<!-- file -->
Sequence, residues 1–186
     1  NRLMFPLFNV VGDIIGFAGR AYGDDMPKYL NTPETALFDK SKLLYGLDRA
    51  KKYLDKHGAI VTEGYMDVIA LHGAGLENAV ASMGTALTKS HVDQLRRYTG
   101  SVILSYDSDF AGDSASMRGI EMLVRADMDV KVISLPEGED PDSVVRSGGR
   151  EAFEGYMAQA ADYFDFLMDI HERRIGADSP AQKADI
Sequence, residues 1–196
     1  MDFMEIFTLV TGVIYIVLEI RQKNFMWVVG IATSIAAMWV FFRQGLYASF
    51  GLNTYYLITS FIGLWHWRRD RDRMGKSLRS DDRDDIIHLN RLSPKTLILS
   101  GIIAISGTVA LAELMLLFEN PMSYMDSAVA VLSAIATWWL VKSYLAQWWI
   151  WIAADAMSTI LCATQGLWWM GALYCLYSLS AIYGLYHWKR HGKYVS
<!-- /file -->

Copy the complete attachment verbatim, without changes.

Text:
Sequence, residues 1–186
     1  NRLMFPLFNV VGDIIGFAGR AYGDDMPKYL NTPETALFDK SKLLYGLDRA
    51  KKYLDKHGAI VTEGYMDVIA LHGAGLENAV ASMGTALTKS HVDQLRRYTG
   101  SVILSYDSDF AGDSASMRGI EMLVRADMDV KVISLPEGED PDSVVRSGGR
   151  EAFEGYMAQA ADYFDFLMDI HERRIGADSP AQKADI
Sequence, residues 1–196
     1  MDFMEIFTLV TGVIYIVLEI RQKNFMWVVG IATSIAAMWV FFRQGLYASF
    51  GLNTYYLITS FIGLWHWRRD RDRMGKSLRS DDRDDIIHLN RLSPKTLILS
   101  GIIAISGTVA LAELMLLFEN PMSYMDSAVA VLSAIATWWL VKSYLAQWWI
   151  WIAADAMSTI LCATQGLWWM GALYCLYSLS AIYGLYHWKR HGKYVS